chapter  20
12 Pages

Moderate to severe intellectual disability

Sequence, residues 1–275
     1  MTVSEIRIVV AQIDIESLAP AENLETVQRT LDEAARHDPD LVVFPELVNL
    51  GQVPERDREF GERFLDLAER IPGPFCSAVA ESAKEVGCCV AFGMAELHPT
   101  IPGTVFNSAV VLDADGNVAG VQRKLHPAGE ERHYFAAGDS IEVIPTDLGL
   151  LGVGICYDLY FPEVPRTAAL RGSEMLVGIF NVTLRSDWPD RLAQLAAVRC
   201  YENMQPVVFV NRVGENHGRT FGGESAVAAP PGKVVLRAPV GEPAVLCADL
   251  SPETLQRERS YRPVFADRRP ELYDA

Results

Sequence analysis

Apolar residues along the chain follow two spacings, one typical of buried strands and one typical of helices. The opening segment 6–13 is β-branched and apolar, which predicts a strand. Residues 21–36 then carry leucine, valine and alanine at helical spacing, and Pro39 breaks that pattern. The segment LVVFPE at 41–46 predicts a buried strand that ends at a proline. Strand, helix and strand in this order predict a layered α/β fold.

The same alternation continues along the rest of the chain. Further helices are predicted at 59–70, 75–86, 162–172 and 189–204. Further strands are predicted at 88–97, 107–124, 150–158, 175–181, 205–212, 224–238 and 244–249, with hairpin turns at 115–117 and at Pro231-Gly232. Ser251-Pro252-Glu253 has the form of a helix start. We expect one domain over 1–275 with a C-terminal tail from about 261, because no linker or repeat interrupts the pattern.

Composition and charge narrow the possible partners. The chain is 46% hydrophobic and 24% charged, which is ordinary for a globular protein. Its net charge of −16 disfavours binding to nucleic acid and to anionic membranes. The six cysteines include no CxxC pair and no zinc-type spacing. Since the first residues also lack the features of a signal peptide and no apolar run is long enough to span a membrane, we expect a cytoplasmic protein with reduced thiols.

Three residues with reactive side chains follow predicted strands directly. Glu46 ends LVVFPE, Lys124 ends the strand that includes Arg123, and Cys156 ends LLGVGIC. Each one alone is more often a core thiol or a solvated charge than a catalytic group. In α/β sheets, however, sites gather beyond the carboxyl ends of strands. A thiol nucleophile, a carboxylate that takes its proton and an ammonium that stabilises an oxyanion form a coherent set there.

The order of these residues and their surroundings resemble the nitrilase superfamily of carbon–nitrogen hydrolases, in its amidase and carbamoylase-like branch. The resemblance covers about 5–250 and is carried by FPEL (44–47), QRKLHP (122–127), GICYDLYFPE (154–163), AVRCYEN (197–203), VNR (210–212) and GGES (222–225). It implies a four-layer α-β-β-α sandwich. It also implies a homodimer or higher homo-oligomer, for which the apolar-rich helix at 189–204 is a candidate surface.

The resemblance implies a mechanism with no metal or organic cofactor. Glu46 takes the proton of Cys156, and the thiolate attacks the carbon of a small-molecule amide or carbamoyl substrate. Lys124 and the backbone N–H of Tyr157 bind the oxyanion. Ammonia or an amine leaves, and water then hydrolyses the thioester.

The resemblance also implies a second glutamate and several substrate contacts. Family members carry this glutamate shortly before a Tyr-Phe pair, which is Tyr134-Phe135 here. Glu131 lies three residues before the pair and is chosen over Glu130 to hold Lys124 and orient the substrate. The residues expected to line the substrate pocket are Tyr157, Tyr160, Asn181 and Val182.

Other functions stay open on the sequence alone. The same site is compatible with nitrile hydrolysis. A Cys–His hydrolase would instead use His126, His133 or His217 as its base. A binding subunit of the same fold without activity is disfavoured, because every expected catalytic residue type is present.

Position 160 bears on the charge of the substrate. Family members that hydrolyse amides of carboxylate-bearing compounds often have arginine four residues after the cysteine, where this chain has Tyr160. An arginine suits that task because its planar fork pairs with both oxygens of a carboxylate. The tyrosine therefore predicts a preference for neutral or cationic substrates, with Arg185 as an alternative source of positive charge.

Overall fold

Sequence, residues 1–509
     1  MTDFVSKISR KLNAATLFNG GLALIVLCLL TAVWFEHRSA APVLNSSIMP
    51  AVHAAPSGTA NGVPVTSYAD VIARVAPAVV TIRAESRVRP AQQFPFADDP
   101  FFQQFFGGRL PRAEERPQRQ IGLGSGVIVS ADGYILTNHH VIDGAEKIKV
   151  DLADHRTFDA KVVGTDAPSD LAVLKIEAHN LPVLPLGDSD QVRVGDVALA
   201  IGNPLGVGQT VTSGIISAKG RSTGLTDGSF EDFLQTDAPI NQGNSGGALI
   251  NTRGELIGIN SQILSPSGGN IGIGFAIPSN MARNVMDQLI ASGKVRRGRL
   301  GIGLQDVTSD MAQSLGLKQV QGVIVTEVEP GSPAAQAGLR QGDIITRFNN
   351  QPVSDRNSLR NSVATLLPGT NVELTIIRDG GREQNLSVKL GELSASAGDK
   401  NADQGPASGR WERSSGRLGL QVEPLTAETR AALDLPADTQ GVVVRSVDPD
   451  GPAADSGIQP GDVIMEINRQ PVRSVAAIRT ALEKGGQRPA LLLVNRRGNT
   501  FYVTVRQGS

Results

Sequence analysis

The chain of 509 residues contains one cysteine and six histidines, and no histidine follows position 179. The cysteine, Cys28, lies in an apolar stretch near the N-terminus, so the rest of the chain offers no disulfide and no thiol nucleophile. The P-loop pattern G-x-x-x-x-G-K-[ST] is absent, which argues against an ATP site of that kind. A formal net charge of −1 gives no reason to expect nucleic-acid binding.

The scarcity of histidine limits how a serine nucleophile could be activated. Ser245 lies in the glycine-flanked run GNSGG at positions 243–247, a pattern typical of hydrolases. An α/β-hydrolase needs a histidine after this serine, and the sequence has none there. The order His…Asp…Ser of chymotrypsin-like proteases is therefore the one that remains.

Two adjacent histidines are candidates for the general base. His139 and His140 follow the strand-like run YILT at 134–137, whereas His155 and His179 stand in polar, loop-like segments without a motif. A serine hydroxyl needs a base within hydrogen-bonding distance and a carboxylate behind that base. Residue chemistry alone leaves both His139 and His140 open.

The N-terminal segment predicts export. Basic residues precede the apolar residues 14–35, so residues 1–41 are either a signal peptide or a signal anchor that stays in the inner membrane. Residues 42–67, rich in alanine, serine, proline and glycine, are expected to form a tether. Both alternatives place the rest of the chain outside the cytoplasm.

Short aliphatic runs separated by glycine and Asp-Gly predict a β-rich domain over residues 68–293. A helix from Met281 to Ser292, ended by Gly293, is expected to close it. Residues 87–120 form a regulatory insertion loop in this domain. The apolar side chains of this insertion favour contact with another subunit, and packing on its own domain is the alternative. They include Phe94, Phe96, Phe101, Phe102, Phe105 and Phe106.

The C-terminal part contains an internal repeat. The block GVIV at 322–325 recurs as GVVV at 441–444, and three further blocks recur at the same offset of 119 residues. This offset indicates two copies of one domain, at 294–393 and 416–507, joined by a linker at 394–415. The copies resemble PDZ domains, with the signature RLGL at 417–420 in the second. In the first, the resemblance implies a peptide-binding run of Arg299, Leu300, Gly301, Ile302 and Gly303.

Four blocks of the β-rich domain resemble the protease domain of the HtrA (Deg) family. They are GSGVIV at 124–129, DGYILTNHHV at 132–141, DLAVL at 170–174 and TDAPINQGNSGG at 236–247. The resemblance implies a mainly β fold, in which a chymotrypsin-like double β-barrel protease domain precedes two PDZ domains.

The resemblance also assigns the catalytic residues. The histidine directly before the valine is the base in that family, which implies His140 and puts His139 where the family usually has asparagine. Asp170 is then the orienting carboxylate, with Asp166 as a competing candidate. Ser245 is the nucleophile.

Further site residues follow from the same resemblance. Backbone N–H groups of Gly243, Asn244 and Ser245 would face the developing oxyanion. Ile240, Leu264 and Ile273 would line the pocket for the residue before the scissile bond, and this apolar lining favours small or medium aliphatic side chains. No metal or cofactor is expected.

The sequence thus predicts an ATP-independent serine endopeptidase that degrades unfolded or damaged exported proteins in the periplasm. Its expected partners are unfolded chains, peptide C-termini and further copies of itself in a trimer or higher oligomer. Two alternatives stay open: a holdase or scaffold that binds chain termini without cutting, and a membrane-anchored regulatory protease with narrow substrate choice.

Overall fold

In the DSM-5 (American Psychiatric Association), definition of intellectual disability includes both intellectual and adaptive functioning deficits in conceptual, social and practical domains that start during the developmental period. With regard to moderate intellectual disability, in the conceptual domain, conceptual skills are markedly behind those of peers. For preschoolers, this refers to language and pre-academic skills, while for those of school age it encompasses progress in reading, writing and mathematics. For adults, academic skills development is typically at an elementary level and support is necessary for all use of academic skills in work and personal life. In the social domain, spoken language is quite limited in vocabulary and grammar. Speech may comprise single words or phrases and communications are focused on immediate everyday events. Programmes of study for learners having moderate to severe intellectual disability include a recognisable subject basis. Practicality and relevance are especially important as conveyed by the term 'functional academic content'.